"Beyond the Headlines" is a new feature on the J Street blog that offers analysis and perspective on our core issues. Written by staff, leaders and activists from around our pro-Israel, pro-peace movement, these pieces are not official statements of J Street policy, but reflect the views of their authors. Have something you'd like to share? Send us an email and we'll chat.
By Aaron Zucker
It was something we only expected to see in science fiction movies--Israeli and Arab leaders overcoming old grudges to tackle their security challenges together. But two weeks after Tom Friedman teased it in his New York Times column, the truth started to leak out: broadcasting from his office in Jerusalem, President Shimon Peres made an unprecedented appearance at the Gulf States Security Summit last month in Abu Dhabi.
The excited audience included the foreign ministers of Yemen, Kuwait, Oman--even a son of Saudi King Abdullah. According to the report, “When the president spoke, no minister left the room, and when he finished they even gave him a round of applause.”
In the corner stood Middle East Envoy Martin Indyk, who has become a permanent fixture in the region since he was given the herculean task of ending the Arab-Israeli conflict with a two-state peace accord. Indyk’s part in the Abu Dhabi event has not yet been divulged. But it must have occurred to many in the room: if Indyk and his team are successful, the cooperation between Israel and Arab states that today occurs in secret could soon become the new normal. And a speech from the Israeli president would only be the tip of the iceberg.
It’s no coincidence that when Secretary of State Kerry was looking to reignite the peace process earlier this year, he turned to the Arab League. After decades of rejecting Israel, 57 Arab and Islamic states had extended a hand with the 2002 Arab Peace Initiative--promising peace with Israel in exchange for a two-state solution. It was a stunning reversal, and an historic missed opportunity. But in consultation with Arab officials earlier this year, Kerry not only put the initiative back on the table, he convinced them to revise a key sticking point: the plan now allows for minor land swaps from the 1967 borders, in line with the Obama administration's own position.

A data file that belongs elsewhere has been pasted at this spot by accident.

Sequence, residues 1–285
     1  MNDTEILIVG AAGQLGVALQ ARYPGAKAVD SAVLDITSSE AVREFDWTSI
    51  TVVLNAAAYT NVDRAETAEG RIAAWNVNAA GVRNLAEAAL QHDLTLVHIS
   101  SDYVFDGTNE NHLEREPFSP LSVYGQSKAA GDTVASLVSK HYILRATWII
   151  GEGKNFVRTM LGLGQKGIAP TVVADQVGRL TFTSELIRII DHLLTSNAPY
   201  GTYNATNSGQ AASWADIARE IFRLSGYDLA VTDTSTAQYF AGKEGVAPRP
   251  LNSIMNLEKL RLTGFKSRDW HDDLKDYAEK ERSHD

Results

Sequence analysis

For Israel, the offer may prove too good to pass up. It has benefited tremendously from its peace treaties with Egypt and Jordan, which transformed old foes into allies in cooperating against terrorism and other mutual threats. Especially now, as Israel and its neighbors unite in concern over Iran’s nuclear program, full normalization could reshape the region and revolutionize Israel’s security position.
Yet Iran by itself may not be enough. As security expert Bruce Riedel indicated earlier this week, there’s a reason Saudi Arabia and Israel aren’t friends. Arab states are not likely to strengthen their ties with Israel so long as the Palestinian issue remains an obstacle.
When Kerry announced the updated API back in April, a survey of Israelis found a whopping 69 percent who said they would support Prime Minister Netanyahu if he chose to embrace the initiative. But that was after its details were described to them--according to the poll, only a quarter of Israelis were familiar with the Arab proposal.
It’s a sad fact: the parties of the conflict have shown far more flexibility regarding the core issues of negotiations than their people realize. That’s the foundation of J Street’s 2 Campaign, to help our own community here in the US understand that ending the conflict will require hard choices, but the solutions are there.
Over Thanksgivukkah, I had the opportunity to discuss the campaign with my family in Philadelphia. Like most American Jews, they support a two-state solution and are grateful for Kerry’s efforts. But it’s also tough to move past the notion that this whole mess could have been avoided if Arab states had just accepted Israel’s right to exist in the 1947 Partition Plan.
Why, asked one family member, can’t they just move on and work with us to end this conflict?
The answer is that they might be ready to do just that, and the Arab Peace Initiative is living proof--or at least, a real chance to test their seriousness. It is certainly testing ours. But if we pass that test, a televised speech from Shimon Peres is only the beginning.
Aaron Zucker is a communications and media assistant at J Street.